Originally, I had planned to write my network culture book, but now as the economy is tanking, I’m wondering how such a book will be received and where it would fit into such a rapidly degenerating condition. So another strategy may be to finally put together my work on Philip Johnson, add some more research, and publish that.

Now, as anyone reading this blog knows, I have been predicting the implosion of the markets for years. In any sensible world the market would have had a correction years ago so of course this one is much worse than expected. Well, I told you so. If anything surprises me about the world economy’s current plight it’s that anybody professes surprise. The signs of the collapse have been around us for a long time and, this will come as unwelcome news to many, but things are worse even than they might appear. My current bedside reading is Kevin Phillips’s Bad Money. Reckless Finance, Failed Politics, and the Global Failure of American Capitalism, a harrowing account of how this collapse happened, written in 2007 (!). See the Bill Moyers interview with Phillips here. If the book is written in 2007 and the interview is from September of this year, they both anticipate and explain the current collapse.

Since the collapse is a key moment in network culture, once I can get a handle on its consequences, it would only make sense to continue that project. This strain of thought argues toward network culture as the next book and that’s likely to happen. There’ll be a lot of thinking aloud,  wondering, and asking you, my reader for advice along the way no matter where all this winds up.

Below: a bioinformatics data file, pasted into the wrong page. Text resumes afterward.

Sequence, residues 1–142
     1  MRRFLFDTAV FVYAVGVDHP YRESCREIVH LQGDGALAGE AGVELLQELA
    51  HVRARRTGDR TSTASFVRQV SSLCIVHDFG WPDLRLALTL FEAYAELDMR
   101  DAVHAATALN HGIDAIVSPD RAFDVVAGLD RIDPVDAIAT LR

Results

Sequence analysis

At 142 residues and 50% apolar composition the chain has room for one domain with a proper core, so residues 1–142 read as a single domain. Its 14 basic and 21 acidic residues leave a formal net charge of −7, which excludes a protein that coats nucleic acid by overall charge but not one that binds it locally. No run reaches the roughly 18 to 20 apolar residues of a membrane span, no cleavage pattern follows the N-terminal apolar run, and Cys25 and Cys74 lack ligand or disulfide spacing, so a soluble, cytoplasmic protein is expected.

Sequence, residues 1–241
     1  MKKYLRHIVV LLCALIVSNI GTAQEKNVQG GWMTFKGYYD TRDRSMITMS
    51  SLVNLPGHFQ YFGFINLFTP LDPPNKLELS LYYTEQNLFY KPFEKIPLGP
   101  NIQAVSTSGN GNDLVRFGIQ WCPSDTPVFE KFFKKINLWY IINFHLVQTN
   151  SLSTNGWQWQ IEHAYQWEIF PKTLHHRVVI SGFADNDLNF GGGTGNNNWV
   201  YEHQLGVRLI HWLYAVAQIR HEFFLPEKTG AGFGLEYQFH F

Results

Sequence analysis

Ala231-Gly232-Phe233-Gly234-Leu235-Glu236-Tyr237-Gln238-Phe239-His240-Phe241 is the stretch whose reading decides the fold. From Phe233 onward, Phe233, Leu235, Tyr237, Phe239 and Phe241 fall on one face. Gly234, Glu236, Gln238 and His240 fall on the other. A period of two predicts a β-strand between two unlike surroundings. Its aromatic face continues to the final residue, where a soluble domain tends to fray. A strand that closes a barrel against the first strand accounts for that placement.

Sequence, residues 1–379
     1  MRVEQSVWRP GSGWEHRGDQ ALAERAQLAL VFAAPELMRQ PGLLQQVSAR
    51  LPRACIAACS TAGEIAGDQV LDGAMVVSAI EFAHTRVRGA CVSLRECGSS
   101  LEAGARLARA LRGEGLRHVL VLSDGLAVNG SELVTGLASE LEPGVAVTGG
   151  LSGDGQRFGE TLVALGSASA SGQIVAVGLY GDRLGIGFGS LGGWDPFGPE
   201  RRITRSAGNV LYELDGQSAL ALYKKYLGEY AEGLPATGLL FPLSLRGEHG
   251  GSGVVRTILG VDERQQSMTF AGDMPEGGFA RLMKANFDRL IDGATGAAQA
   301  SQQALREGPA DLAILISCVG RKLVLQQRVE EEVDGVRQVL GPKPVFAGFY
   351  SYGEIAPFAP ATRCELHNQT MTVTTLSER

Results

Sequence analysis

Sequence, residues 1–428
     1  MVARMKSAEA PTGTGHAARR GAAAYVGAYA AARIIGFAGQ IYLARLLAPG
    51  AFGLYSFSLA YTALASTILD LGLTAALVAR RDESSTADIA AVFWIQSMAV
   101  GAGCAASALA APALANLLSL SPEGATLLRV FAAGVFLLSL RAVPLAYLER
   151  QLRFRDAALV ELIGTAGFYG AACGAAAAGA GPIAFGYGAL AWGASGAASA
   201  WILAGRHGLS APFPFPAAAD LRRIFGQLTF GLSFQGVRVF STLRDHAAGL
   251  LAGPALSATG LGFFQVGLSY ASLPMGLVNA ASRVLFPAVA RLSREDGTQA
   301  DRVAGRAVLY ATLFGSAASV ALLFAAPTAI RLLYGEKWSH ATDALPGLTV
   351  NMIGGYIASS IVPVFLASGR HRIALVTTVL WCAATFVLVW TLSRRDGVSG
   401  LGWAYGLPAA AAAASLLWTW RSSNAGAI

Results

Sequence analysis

4 thoughts on “whence and wither

    1. imperialism

      A good link, Ana.

      I’ve been watching the Bill Moyers show a lot lately.

      See this interview with Andrew Basevich, for example, in which Basevich talks about the economic situation and its links to American imperialism.

  1. market driven history
    what becomes of, as you’ve said in another context: “architecture’s ambitions”, when architecture historians are driven (literally) by market forces?

    “but now as the economy is tanking, I’m wondering how such a book will be received”

    rather than wax nostalgic for more purist times, why not open a market for your future book on Intrade and see what the market divines?

    1. purist times

      Well, why not? Imagine Benjamin writing in the dot.com era…  Shouldn’t history (especially a history of the contemporary?) respond to the present?

      I’m not really waxing nostalgic for more market pure times, although the idea of purist times is interesting. 😉

      purist image by leger

      By the time I was done writing the post, I had come to the conclusion that the crisis was not only part of Network Culture, it was a key, constituent part of it. Now the hard work, to do the analysis.

      Watch this space: we’re having an event at Studio-X on the 28th of October to discuss the crisis!

Leave a Reply to admin Cancel reply